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Allan Kader

Correct Frame Rate Conversions in Post, Monitor Playback & 3:2 Pull-Down

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Hey folks,

 

Just a few questions about Correct Frame Rate Conversions in Post, Monitor Playback & 3:2 Pull-Down during post that I hope some of you can help answer.

 

CORRECT FRAME RATE CONVERSION

  • When working with footage with different frame rates (24, 23.976, 30fps etc), what's the best timeline settings? If I have the most 24fps footage, should I set my timeline to 24fps and import the other footage into that timeline?
  • What happens to the 23.98fps footage when imported to a 29.97fps/29.976fps timeline? Does, e.g. Premiere Pro/Davinci Resolve make an automatic 3:2 pull-down?
  • What happens to the 25fps footage when imported to a 23.98fps timeline?
  • When does optical flow, frame blending and motion interpolation come into play when conforming from one fps to another fps?
  • I know that in most NLE's you can "interpret" the footage and change the native frame rate to something else but when would I want to do that? Maybe some examples would help me understand a bit better.
  • When does reverse 3:2 pull-down come into play in post-prouduction?
  • What's the difference between 29.97 and 29.976, and when are they used?
  • What's the difference between 23.976 and 23.98?
  • When you have 24fps footage that you intend to show on television in NTSC (60Hz), do I need to make a 3:2 pull-down? Which then makes it into a i60 footage (which is interlaced for broadcast), correct?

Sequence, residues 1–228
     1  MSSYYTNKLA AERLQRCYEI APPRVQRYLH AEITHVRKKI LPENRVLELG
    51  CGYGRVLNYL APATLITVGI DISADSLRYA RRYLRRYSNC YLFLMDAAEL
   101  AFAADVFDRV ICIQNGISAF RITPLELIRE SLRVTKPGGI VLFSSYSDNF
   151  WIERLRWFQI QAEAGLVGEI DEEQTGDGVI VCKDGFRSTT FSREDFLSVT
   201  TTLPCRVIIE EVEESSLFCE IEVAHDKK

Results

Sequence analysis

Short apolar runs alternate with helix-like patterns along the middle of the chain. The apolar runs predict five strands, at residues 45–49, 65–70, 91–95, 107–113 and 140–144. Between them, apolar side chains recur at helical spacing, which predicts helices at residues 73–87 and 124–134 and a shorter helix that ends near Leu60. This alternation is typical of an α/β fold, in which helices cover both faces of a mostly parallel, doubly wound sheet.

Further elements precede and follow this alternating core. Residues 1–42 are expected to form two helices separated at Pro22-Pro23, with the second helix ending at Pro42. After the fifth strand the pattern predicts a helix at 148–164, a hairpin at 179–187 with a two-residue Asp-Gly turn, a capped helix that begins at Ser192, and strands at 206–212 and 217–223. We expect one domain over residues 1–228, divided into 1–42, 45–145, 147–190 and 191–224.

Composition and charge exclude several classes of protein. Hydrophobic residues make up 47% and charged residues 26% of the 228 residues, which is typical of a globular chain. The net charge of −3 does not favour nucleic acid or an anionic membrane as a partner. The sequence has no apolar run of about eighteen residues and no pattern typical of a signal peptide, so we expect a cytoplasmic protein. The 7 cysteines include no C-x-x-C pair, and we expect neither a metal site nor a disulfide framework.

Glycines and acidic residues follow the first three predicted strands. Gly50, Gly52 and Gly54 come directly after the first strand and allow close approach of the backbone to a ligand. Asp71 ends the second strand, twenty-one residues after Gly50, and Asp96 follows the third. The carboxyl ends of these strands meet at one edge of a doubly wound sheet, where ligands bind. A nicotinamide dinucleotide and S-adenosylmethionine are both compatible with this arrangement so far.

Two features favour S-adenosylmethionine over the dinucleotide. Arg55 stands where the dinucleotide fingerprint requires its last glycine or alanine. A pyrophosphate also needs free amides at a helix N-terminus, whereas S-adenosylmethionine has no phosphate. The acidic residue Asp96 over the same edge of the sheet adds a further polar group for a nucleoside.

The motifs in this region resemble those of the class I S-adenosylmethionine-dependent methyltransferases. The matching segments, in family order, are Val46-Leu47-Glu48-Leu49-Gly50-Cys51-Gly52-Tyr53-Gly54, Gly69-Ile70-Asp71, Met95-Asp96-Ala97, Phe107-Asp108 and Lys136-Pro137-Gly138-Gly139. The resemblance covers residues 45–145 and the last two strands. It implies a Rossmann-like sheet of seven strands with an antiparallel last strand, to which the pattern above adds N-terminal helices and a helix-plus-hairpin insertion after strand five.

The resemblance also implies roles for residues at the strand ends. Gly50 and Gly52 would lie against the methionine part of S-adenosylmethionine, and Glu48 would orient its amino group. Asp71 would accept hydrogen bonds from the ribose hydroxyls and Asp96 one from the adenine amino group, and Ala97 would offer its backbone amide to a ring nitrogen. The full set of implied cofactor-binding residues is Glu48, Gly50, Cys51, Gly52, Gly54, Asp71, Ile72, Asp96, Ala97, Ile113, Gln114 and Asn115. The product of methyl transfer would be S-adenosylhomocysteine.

PLAYBACK

 

  • When playing back 24fps/25fps/23.98/23.976 fps footage on an external grading monitor, should I set my monitor to 50Hz to avoid judder? And for footage with a higher fps, should I set it to 60Hz?

 

Thanks :D

Edited by Allan Kader

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I can answer some of these questions, others with more experience in Premiere will chime in too, I'm sure...

When does reverse 3:2 pull-down come into play in post-prouduction?

 

When you need to move 23.976 footage into a 29.97i format (note the i - it only works with interlaced footage because pulldown is field-based)

 

What's the difference between 29.97 and 29.976, and when are they used?

29.976 isn't a thing. Not sure where that number came from.

 

What's the difference between 23.976 and 23.98?

 

 

Same thing - 23.98 is shorthand for 23.976. But if you're working in an application that allows you to manually specify the frame rate, you must enter 23.976. If it's a pulldown menu and it's labeled 23.98, it's likely 23.976 under the hood - at least for professional applications.

 

When you have 24fps footage that you intend to show on television in NTSC (60Hz), do I need to make a 3:2 pull-down? Which then makes it into a i60 footage (which is interlaced for broadcast), correct?

 

The 24fps needs to be 23.976, then pulldown is added to make it 29.97i You can't go directly from 24 to 29.97i without first making the 24, 23.976.

 

When playing back 24fps/25fps/23.98/23.976 fps footage on an external grading monitor, should I set my monitor to 50Hz to avoid judder? And for footage with a higher fps, should I set it to 60Hz?